It is well known that investors' attitude toward risk changed immensely during and after the bear market of 2007-2008. The shift toward safer fixed income choices and a reduced reliance on equity funds is seen in the flows data. For 2008 investors withdrew nearly $73 billion net from equity funds (after a net purchase of $179 billion the year before), and added $64 billion to taxable and municipal debt funds. In 2009, equities attracted a paltry $5 billion in net flows, while the pair of bond fund groups took in a whopping $465 billion net (all flows figures include exchange-traded funds). Equity markets might yet string together two years of double-digit gains, but equity funds are still attracting less than $1 for every $2 going into bond funds.

This preference for bond funds makes me wonder: Did investors do a good job picking funds? A database of investor trades would be immeasurably helpful to answer that question; but, that's not something we track at Lipper. What we can see are flows and performance. To start with, let's exclude money market funds. We'll construct our analysis in quadrant form, where fund flows during 2009 (positive/negative) are along the bottom (x) axis and performance in 2010 (above/below average) is along the side (y) axis. For our purposes, when investors sold a fund that achieved above-average performance the following year, they made a mistake. Likewise, when 2009 net flows were positive and the fund was an above-average performer for 2010, investors collectively made a good decision.

Some of the some of the hottest areas for flows in 2009 went to the better performers of 2010. Of the estimated $465 billion net that fixed income funds drew in 2009, approximately $43 billion went into funds located in Lipper's Short-Intermediate Investment-Grade Debt Funds classification. Fortunately for those investors, they put most of their money in the right place, since over $32 billion (of the $43 billion total) went into upper-right (#2) funds. Top recipients included Vanguard Short-Term Investment-Grade Fund, Vanguard Short-Term Bond Index Fund, Lord Abbett Short Duration Income Fund, and PIMCO Low Duration Fund. Another $11.9 billion net went to funds in the group that were later below-average performers, such as iShares Barclays 1-3 Year Credit Bond Fund ETF and T. Rowe Price Short-Term Bond Fund.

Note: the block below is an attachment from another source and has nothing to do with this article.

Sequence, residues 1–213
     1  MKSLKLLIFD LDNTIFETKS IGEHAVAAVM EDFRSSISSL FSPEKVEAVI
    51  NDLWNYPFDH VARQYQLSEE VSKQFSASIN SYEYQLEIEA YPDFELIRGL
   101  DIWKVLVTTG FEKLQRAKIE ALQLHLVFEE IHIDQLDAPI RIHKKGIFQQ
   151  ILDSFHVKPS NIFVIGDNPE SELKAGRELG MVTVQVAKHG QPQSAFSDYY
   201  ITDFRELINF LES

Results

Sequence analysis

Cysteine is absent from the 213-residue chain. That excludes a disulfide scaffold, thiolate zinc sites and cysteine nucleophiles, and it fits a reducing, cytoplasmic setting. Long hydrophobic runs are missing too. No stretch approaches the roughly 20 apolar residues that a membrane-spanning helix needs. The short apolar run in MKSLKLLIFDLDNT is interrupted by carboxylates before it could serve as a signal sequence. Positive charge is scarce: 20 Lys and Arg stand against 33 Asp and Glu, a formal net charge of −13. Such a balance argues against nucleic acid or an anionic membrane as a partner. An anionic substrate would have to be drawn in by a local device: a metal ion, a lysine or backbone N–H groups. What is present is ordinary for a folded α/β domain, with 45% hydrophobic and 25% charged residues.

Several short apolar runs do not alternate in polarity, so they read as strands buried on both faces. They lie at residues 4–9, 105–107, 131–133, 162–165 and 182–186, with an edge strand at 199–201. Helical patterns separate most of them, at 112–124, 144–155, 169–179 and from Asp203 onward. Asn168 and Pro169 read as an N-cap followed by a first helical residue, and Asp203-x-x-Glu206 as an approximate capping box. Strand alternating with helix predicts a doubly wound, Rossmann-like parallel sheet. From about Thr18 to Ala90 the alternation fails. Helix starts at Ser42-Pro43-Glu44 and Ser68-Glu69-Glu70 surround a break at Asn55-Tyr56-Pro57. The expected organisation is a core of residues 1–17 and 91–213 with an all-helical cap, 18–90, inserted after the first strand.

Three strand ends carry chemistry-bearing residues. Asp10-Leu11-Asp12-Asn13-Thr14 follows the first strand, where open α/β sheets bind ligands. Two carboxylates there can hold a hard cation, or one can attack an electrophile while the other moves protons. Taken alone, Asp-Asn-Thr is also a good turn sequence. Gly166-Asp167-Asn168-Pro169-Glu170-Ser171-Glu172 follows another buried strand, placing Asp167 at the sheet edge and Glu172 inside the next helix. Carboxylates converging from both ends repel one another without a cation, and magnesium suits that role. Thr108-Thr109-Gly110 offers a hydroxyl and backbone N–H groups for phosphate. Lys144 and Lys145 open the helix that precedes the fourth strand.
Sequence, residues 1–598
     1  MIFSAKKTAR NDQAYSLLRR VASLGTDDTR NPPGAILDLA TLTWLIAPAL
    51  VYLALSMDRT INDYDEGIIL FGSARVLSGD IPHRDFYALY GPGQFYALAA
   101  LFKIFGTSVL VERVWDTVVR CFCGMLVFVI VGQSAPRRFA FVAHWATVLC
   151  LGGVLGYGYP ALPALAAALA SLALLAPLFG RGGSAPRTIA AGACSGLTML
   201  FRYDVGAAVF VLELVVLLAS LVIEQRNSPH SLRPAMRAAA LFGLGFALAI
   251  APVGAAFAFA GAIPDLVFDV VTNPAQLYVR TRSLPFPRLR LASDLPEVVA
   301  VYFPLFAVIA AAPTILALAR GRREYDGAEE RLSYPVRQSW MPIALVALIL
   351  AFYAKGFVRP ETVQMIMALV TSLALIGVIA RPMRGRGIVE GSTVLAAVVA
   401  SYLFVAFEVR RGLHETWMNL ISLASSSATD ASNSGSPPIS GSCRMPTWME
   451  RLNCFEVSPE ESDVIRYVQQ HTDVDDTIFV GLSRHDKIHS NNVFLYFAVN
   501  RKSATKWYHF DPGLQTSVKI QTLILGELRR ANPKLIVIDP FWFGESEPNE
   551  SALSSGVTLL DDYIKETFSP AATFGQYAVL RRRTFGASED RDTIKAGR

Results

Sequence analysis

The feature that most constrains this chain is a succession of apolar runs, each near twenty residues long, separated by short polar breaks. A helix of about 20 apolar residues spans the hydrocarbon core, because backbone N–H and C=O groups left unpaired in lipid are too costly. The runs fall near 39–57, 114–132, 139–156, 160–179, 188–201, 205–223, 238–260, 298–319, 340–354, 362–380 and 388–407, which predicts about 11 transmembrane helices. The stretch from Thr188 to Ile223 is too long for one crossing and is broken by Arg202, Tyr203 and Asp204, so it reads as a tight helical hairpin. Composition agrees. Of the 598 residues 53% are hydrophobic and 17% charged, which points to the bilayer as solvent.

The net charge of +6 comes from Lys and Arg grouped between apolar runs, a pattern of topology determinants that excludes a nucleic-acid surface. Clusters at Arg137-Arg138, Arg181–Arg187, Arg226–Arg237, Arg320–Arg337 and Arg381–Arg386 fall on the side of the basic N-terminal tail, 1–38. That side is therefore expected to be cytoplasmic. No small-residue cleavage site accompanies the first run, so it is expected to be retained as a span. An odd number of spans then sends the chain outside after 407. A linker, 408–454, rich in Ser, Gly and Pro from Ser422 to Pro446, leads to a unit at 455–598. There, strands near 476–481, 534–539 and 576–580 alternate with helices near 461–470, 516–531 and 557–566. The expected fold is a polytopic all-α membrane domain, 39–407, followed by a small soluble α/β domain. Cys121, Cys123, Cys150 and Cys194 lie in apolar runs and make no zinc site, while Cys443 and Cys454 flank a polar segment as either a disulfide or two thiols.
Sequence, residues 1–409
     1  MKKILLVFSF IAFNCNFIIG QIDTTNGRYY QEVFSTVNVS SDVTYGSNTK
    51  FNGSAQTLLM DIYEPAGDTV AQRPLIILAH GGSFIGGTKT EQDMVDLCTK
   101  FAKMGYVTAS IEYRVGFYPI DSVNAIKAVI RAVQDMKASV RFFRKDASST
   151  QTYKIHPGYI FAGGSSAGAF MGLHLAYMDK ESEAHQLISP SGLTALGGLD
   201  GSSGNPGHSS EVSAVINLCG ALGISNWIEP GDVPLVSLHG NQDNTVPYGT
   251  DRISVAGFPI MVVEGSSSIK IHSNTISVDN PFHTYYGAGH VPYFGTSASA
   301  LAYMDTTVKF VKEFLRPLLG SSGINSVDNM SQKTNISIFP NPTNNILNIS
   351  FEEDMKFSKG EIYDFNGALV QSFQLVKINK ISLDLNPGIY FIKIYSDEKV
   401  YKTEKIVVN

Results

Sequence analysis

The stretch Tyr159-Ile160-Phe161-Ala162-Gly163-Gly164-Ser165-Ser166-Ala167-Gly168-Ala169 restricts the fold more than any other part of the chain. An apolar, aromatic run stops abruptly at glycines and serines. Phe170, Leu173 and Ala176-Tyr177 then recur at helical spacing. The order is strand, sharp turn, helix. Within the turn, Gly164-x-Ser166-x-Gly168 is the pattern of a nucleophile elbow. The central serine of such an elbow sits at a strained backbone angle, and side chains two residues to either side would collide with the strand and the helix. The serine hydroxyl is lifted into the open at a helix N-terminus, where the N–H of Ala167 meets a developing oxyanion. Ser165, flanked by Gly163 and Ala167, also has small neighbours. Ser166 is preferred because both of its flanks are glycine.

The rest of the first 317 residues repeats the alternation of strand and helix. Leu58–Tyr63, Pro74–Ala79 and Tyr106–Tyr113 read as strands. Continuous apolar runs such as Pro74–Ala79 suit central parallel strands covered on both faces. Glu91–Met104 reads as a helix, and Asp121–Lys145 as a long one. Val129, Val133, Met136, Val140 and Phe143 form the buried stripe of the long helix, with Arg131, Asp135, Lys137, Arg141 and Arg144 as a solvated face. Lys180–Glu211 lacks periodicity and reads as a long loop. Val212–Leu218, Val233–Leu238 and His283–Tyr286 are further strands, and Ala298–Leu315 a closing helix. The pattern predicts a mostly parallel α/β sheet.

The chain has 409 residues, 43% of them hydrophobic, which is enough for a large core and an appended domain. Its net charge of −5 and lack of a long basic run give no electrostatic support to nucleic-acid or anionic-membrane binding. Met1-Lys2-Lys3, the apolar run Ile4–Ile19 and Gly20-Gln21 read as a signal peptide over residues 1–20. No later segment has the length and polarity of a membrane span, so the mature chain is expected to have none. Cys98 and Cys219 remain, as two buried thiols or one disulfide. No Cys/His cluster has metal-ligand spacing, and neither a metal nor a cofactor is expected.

The biggest draw for 2009 Intermediate Investment-Grade Debt Funds had total net flows of over $90 billion, and over half of that went to PIMCO Total Return Fund. Not only did that fund take in nearly $50 billion net for 2009, it also performed (with a solid 8.8% return) in the top 25% of its peer group for 2010. Its sister portfolio, PIMCO Investment Grade Corporate Bond Fund, trailed far behind, taking in about $3.1 billion net for 2009. But it turned out to be the better performer for 2010, gaining 11.3%. The greatest disappointment was Vanguard Total Bond Market II Index Fund, which took in $12.5 billion net for 2009 but ended with a 5.8% return; the bottom 8% of its peers for 2010.

Investors misjudged a few others as well. Large-cap value funds have seen outflows every year since 2007. For instance, MFS Value Fund drew in $2.7 billion net for 2009, but mustered only an 11.4% return for 2010, placing it in the bottom 26% of its peers. Investors drained nearly $1.9 billion from Invesco Van Kampen Comstock Fund, but the fund returned 15.6% for 2010 and was a top- quartile performer since 2009. Investors were particularly bad at choosing short municipal debt funds, sending over $5.2 billion net to Vanguard Short-Term Tax-Exempt Fund and receiving only 0.95% in return for 2010.

Net flows in 2009 show that investors allocated nearly $91 billion more to 2010's top-half performers than they did to the bottom-half ($390 billion compared to $299 billion).


Jeff Tjornehoj is research manager for Lipper in the
U.S. and Canada. His responsibilities include  general
 industry knowledge, performance, flows and methodology.